The first signs of Christianity in China date back to 7th-century missionaries. Spreading the word picked up after the opium wars of the mid-1800s as China began to fracture. By the time of the communist revolution in 1949, there were about 500,000 Christians in a population of 450 million. During the Cultural Revolution from 1966 to the early 1970s, Christians were terrorised and killed.
Fan believes that the death of Mao Zedong, and with him the fierce and uncompromising ideology of the revolution, left Chinese people with a gaping hole in their belief system.
Communism had ripped down millennia of cultural beliefs and Christianity was ready to jump in.
Pouring fuel on that particular fire was Deng Xiaoping’s economically successful new strategy of “opening up”, which led to the tearing down of social institutions Mao’s revolution had built up.
“From 1978 to 1983 there was a period when the Gospel was spread openly and freely,” Fan says.
“Merchants from the southern Christian centre of old foreign treaty port and southern business centre Wenzhou would travel around the country spreading capitalism and the Gospel.”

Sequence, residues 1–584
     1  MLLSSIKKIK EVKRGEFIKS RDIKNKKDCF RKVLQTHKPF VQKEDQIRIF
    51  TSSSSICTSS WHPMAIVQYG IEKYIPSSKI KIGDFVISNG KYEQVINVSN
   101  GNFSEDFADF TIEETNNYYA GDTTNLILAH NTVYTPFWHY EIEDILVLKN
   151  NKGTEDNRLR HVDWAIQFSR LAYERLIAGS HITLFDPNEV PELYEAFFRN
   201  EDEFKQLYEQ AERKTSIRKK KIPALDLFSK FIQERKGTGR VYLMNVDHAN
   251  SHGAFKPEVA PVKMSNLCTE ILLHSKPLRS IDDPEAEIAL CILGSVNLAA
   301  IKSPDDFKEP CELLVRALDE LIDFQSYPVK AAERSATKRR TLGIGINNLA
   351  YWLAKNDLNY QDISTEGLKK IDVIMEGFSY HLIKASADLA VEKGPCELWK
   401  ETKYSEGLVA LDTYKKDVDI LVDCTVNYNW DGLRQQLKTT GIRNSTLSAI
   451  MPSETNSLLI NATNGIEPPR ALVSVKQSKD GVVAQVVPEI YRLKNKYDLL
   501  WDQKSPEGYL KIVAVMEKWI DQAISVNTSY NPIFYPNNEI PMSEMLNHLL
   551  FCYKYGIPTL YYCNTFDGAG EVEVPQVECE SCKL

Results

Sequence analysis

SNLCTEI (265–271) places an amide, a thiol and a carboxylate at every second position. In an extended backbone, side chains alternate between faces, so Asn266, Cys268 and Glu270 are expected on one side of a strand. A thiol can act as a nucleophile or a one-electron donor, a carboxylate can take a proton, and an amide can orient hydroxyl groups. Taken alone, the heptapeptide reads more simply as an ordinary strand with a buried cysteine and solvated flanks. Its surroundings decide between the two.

The first crackdown was in 1983, as government authorities became concerned about the growth of what could be a rival power base, loyal to God rather than the Communist Party.
“Then 1989 was a very important year for spreading the Gospel,” Fan says. The massacre at Tiananmen Square left few with any illusions about the party’s capabilities, he says.
“The orthodox ideology had lost its appeal, but people have spiritual need to care for each other, to help each other,” Zhang says.
“In the rural areas, most of the believers are old or children, or women, not many strong labourers. This illustrates that the `weak-sided’ people have strong demand for religious belief.”
Forced underground for so long and often with little contact with Western Christians, many Chinese house churches picked up local cultural traditions and mingled them with more traditional Christian practices and beliefs.
Some Chinese peculiarities have been added, Zhang says.